A cross sectional study was carried out between June and September 2014. A structured data sheet was used and data collected by direct interviews with mothers attending outpatient pediatric clinics at Jordan University Hospital by a trained research assistant. A total of 1256 mothers were interviewed.

The data included: current age; gender; season of TT; age at starting the training; the duration needed; age of complete-day control and night-time control; ways of training used as “rewarding”, “modeling”, “punishment”, “telling stories” or regularly putting the child on the toilet; type of toilet (regular or potty) and presence of family support. Two methods of TT were assessed. The child-oriented method was defined when the parents started TT after the child showed certain readiness signs, and the intensive method where parents started TT because they believed that the age was appropriate without considering how much the child was ready. Other socio-demographical information included mother’s age, her level of education, number of siblings, maternal status (working or housewife), settlement and person who gave TT. The problems encountered during training as constipation and stool toilet refusal were also studied. Children with developmental delay and anomalies in the spinal cord or children with chronic kidney disease and overactive bladder were excluded. Oral verbal consent was obtained from the mothers who participated in the study after the approval of the hospital’s local ethical committee.

2.1. Statistics

Data were collected, coded and entered into Statistical Package for Social Science (SPSS version 16, SPSS Inc, Chicago, IL, USA). Data were summarized as counts and percentages for categorical data and as means and standard deviation (SD) for continuous data. Normality of data was assessed by Kolmogorov-Smirnov and Shapiro Wilk tests. Homogeneity of variance was assessed by Levene’s test.

Data of continuous nature among different groups were compared by parametric inferential statistics (t-test and ANOVA) or non-parametric inferential statistics (Mann-Whitney U and Kruskal-Wallis) as applicable. Alternatively, data of categorical nature were compared among different groups by chi square or Fisher exact test as appropriate. Correlation was assessed by Pearson or Spearman correlation tests. Statistical significance was considered as P < 0.05.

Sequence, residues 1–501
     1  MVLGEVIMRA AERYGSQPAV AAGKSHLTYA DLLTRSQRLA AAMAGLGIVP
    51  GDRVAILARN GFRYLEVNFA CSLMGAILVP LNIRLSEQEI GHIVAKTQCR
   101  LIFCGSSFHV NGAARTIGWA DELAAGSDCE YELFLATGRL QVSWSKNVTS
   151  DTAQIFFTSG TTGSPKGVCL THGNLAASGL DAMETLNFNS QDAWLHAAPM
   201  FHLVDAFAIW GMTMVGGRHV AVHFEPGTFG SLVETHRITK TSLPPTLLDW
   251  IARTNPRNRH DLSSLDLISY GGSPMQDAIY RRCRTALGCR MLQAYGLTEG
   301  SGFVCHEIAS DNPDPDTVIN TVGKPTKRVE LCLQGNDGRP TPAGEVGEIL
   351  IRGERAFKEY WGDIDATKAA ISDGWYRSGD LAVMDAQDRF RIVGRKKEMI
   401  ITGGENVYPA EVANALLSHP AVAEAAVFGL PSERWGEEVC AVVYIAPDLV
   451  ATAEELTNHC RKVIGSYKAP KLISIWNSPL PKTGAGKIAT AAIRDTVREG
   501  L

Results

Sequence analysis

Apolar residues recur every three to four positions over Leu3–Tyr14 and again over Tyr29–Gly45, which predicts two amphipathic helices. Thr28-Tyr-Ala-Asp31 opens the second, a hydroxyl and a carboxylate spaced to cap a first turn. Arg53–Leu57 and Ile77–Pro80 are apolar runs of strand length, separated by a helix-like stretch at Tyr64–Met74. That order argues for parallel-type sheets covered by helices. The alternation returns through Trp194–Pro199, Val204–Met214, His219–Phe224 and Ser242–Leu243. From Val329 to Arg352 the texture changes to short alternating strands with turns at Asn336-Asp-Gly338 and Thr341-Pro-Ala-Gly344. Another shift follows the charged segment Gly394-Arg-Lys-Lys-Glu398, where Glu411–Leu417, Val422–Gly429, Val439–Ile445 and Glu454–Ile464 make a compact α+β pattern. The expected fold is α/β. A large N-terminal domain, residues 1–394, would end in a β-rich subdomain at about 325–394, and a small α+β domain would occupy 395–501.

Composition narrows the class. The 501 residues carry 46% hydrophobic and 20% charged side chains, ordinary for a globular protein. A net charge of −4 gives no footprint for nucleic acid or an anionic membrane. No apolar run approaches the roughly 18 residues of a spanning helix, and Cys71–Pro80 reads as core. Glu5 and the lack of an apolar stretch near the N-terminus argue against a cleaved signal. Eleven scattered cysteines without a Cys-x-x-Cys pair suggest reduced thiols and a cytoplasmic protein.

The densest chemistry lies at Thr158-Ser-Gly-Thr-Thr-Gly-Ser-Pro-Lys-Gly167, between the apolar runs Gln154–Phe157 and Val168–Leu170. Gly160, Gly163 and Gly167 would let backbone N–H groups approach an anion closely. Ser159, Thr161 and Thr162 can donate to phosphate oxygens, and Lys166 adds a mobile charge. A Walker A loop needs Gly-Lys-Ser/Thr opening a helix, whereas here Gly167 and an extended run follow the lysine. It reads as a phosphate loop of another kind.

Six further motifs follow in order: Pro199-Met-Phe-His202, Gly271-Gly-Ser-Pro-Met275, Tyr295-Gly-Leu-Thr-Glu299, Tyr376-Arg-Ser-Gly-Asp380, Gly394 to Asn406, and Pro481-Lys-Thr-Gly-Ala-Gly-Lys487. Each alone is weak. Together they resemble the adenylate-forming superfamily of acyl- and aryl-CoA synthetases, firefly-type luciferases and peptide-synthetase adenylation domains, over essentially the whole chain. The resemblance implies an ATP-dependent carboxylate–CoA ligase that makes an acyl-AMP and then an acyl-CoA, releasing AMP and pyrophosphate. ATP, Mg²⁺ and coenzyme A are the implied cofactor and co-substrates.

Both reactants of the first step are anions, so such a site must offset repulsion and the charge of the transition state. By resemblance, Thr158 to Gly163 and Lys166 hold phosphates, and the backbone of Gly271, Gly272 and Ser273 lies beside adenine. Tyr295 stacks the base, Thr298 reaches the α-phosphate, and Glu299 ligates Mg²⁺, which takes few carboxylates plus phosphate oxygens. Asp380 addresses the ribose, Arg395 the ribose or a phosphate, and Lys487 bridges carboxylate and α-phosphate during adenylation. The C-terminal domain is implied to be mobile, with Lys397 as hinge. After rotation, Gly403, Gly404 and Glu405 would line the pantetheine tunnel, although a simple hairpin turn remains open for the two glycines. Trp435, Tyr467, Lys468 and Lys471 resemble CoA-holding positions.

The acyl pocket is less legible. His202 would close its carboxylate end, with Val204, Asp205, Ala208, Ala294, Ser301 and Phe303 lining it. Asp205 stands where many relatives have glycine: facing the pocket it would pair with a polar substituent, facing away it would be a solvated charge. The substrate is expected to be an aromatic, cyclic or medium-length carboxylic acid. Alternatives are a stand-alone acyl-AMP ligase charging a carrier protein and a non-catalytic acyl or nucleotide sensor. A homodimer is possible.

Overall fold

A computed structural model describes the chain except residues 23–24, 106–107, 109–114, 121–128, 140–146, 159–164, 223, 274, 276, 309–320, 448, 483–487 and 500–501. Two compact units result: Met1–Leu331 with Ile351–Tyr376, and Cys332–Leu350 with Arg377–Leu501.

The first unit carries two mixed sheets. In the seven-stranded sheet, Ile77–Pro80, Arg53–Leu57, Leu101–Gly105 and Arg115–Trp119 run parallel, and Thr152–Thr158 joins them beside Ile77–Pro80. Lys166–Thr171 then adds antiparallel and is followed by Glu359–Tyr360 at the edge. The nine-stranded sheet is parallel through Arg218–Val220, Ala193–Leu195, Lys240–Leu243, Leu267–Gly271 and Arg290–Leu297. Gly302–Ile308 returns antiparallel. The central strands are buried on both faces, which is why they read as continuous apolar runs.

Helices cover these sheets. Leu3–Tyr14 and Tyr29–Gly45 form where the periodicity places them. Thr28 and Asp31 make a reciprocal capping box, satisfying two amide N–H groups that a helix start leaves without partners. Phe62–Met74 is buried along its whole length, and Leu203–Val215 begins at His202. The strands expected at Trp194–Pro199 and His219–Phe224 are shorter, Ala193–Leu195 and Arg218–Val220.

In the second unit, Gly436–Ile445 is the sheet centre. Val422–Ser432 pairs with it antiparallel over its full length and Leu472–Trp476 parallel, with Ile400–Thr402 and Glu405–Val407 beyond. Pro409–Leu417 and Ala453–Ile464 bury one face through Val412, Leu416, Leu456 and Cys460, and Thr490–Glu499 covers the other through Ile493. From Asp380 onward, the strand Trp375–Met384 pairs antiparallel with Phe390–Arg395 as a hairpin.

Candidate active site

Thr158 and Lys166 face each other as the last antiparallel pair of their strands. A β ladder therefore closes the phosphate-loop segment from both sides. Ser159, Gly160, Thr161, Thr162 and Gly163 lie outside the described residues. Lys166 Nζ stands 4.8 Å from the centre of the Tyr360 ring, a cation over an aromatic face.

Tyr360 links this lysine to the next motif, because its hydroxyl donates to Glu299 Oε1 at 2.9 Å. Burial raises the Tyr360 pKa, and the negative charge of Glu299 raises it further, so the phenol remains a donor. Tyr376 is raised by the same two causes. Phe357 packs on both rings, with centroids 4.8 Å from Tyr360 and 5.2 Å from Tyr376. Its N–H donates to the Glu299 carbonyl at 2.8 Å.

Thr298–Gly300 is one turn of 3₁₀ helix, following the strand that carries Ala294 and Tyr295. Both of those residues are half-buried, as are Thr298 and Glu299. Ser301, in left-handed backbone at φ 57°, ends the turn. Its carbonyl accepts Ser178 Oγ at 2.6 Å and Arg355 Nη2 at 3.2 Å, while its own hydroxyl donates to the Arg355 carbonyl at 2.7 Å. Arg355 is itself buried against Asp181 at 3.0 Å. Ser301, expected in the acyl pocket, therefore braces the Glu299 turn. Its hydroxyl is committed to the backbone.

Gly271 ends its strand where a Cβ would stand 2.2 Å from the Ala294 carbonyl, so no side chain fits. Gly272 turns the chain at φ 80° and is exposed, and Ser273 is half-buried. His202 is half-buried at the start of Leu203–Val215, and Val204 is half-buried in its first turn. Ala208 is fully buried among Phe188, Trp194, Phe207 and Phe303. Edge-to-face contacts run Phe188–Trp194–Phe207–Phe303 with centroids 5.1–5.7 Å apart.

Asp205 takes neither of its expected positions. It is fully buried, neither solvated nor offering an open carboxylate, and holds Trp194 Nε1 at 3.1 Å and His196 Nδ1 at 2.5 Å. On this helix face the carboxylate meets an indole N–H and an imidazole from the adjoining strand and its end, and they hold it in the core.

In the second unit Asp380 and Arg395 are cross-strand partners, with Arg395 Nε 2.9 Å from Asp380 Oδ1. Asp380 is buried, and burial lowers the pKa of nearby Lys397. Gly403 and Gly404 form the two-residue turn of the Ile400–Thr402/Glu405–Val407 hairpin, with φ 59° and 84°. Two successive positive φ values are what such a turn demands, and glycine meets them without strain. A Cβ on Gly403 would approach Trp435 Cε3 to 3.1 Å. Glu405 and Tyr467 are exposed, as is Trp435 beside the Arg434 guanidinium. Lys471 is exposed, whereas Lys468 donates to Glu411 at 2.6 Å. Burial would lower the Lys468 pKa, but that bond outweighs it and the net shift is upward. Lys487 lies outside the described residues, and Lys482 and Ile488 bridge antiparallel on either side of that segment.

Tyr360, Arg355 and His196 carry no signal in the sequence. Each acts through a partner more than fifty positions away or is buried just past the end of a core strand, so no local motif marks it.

3. Results

3.1. Socio-Demographic Characteristics (Table 1)

Table 1. Socio-Demographic Characteristics of the Patients
CharacteristicNo. (%)
Child’s gender
Female600 (47.7)
Male657(52.3)
Settlement
Rural136 (10.8)
Urban1121 (89.2)
Mothers’ level of education
School565 (44.9)
College144 (11.5)
University548 (43.6)
Maternal status
Housewife831 (66.1)
Working mother426 (33.9)

Mean current age was 5.4 ± 1.9 years. 55.4% of children were under 5 years old. Average age of mothers was 30.1 ± 12.3 years. Average number of siblings was 1.7 ± 1.6.

TT was given by parents in 87.4% of cases. Family support by the presence of grandparents living with the children was present in 27.1%. 70.2% of children had training during the summer season. 354 (28.2%) of children were first siblings. 24.1% had previous attempts of training.

3.2. Initiation and Completion of Toilet Training

The mean age of initiation of TT was 22.50 ± 6.50 (range 9 - 48) months. 181 (14.4%) of children had training under 18 months, 835 (66.4%) between 18 and 30 months and 241 (19.2%) of them over 30 months. The mean completion age of daytime TT was 23.80 ± 6.70 months. Mean duration of daytime TT was 5.80 ± 8.06 (range 1 - 72) weeks.

Mean age of night time-control was 26.48 ± 9.37 months.

There was a statistically significant weak negative relationship between age of initiation and duration of training (P < 0.0001, r = -0.128). The duration of toilet training was statistically longer in families who started TT under 18 months, compared to families who started TT between 18 - 30 months (7.6 ± 8.40 vs 5.50 ± 7.70 weeks, P < 0.007).

In univariate analysis, the factors that were significantly associated with later initiation and completion age were presence of family support, first child, urban settlement, university degree for the mother’s education, working mother, child-oriented method for training, use of punishment as a way of training (Table 2). There was no correlation between mothers’ age, child’s gender, use of potty and initiation age. The only factor that affected significantly the duration of training was the child-oriented method.

Table 2. Factors Associated with Initiation and Completion and Duration of Toilet Traininga
Factors Associated with Training (n = 1257)Initiation Age, moCompletion Age, moDuration of TT, w
GenderMale (600)22.8 ± 6.824.2 ± 76.1 ± 8.7
Female (657)22.4 ± 6.323.6 ± 6.45.6 ± 7.4
P Value0.20.120.2
Family supportYes (341)24 ± 6.325.1 ± 6.55.3 ± 7.8
No (916)22.1 ± 6.623.5 ± 6.86 ± 8.2
P Value< 0.0001< 0.00010.18
Child rankFirst child (354)23.6 ± 6.424.9 ± 6.65.9 ± 8.7
Not first child (840)22.1 ± 6.523.4 ± 6.75.8 ± 7.9